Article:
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Policing and mental health explored in theatre’s season closer in Nanaimo

The Valley by Joan MacLeod will run at the OV Arts Centre April 12-21
Daleal Monjazeb, left, and Jon Greenway struggle against each other during rehearsal of The Valley that will show at the OV Arts Centre April 12-21. (Mandy Moraes/News Bulletin)

In a play that illustrates the occasionally volatile relationship between law enforcement and the public, a Nanaimo theatre group will also demonstrate the fragility and relatability of everyday people.

Starting on April 12, four Western Edge Theatre actors will stage Joan MacLeod’s The Valley until April 21 at the OV Arts Centre.

Director Wendy Wearne said the story doesn’t explicitly outline one character as the ‘bad guy’ and will leave audiences wondering what happens at the end of the play.

The Victoria-based playwright wrote her dramatic 10th play as inspired by a true event in Vancouver that “shattered the public’s confidence in the police” – the tasering death of Robert Dziekanski during his arrest at the Vancouver airport in 2007.

The Valley follows the story of Connor (played by Daleal Monjazeb), a young man who has returned home from university after only a few months and is on the verge of a breakdown. During an incident with police officer Dan (played by Jon Greenway) at a Vancouver SkyTrain station, Connor’s jaw is broken. The incident creates issues not only for him and his mother Sharon (played by Lorna McLellan), but for Dan and his wife Janie (played by Stephanie Brossard). Whether officer Dan overstepped and did the wrong thing is never directly addressed in the play, but does allude to him dealing with public and media backlash following the incident.

“There’s a beautiful monologue that I execute about all of the terrible things that first responders have to deal with on a daily basis,” Greenway said. “The horrors that people frankly just don’t know about. He sheds some light on having to leave his family every day and go out into the world to put himself in harm’s way and potentially terrible and sad situations.”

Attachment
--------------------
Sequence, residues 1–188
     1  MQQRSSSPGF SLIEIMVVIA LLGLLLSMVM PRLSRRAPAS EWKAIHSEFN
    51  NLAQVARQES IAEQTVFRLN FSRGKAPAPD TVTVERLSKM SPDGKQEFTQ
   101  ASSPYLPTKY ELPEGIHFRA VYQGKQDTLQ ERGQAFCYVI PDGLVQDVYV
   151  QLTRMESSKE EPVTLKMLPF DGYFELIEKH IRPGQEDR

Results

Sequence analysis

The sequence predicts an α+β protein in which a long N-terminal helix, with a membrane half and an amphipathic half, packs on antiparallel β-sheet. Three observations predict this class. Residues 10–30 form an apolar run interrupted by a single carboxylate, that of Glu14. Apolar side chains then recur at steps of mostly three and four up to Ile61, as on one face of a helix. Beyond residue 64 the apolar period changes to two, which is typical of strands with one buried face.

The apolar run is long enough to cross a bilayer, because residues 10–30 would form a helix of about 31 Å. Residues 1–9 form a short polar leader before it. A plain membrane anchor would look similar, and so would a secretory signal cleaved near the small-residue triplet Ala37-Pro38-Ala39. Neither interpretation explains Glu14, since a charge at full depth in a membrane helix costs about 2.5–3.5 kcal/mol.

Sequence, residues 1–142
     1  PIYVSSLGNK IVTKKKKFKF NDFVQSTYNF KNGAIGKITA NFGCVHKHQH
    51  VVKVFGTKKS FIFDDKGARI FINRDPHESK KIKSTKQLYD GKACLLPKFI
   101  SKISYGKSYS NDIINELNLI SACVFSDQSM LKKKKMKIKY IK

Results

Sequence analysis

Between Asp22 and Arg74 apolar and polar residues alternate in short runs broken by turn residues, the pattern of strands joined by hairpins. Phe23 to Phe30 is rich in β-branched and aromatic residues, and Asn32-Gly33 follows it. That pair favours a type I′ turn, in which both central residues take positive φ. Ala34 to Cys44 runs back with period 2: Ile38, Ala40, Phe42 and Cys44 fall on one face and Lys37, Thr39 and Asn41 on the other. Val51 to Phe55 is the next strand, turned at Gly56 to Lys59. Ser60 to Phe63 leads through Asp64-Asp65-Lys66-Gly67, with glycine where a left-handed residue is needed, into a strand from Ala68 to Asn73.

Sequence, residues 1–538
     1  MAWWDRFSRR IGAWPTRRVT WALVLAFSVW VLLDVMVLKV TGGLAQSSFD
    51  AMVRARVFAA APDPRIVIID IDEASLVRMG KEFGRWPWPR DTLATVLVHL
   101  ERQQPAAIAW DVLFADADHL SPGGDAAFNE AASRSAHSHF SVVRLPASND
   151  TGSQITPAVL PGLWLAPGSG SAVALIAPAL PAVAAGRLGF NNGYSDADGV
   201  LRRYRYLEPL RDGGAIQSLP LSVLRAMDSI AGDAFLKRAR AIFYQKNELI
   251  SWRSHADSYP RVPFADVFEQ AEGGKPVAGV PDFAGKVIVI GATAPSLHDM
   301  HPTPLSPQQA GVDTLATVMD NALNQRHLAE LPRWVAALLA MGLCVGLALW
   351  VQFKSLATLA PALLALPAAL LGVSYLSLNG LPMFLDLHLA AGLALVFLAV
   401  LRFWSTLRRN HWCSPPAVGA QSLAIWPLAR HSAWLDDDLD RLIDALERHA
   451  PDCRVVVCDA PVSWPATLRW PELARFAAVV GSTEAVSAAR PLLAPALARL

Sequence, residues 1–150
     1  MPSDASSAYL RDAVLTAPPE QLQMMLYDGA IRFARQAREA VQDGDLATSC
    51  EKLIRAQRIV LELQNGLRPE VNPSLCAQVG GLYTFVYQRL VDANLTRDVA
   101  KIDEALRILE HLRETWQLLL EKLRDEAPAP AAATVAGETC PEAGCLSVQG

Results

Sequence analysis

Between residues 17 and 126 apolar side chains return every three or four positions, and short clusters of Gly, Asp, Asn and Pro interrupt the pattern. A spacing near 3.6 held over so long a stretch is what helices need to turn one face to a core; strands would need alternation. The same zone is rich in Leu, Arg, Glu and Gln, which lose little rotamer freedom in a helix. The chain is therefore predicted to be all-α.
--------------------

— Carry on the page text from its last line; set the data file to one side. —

Also the artistic director for the theatre group, Greenway said the season’s final production follows the thread of addressing mental health.

Wearne said she appreciates how the play illustrates that mental health issues can affect everyone.

“We all walk in the same footsteps as the characters and their struggles that can sometimes result in us going over a cliff … and sometimes we’re fortunate enough not to, depending on who we are, where we are and where we’ve come from,” the director said. “It really is every person’s story … Looking at the show as a whole is, ‘there by grace, go I.’”

The play touches on depression heading into potential schizophrenia, PTSD, the effects of pregnancy and postpartum, substance abuse and anxiety.

Since the audience doesn’t get to see what happens to the characters, the end of the play is left open to interpretation; however, they are aware the story is unfinished with another chapter – be it good, bad or simply “one foot in front of the other.”

The Valley will run at the OV Arts Centre on Victoria Rd. from April 12-20, showing at 7:30 p.m., and on April 21 showing at 2 p.m.

Tickets can be purchased online at

READ MORE: Drag queens go ‘on trial’ in Nanaimo in campy play about queer identity

Daleal Monjazeb and Lorna McLellan during rehearsal of The Valley that will show at the OV Arts Centre April 12-21. (Mandy Moraes/News Bulletin)

Mandy Moraes

About the Author: Mandy Moraes

I joined Black Press Media in 2020 as a multimedia reporter for the Parksville Qualicum Beach News, and transferred to the News Bulletin in 2022
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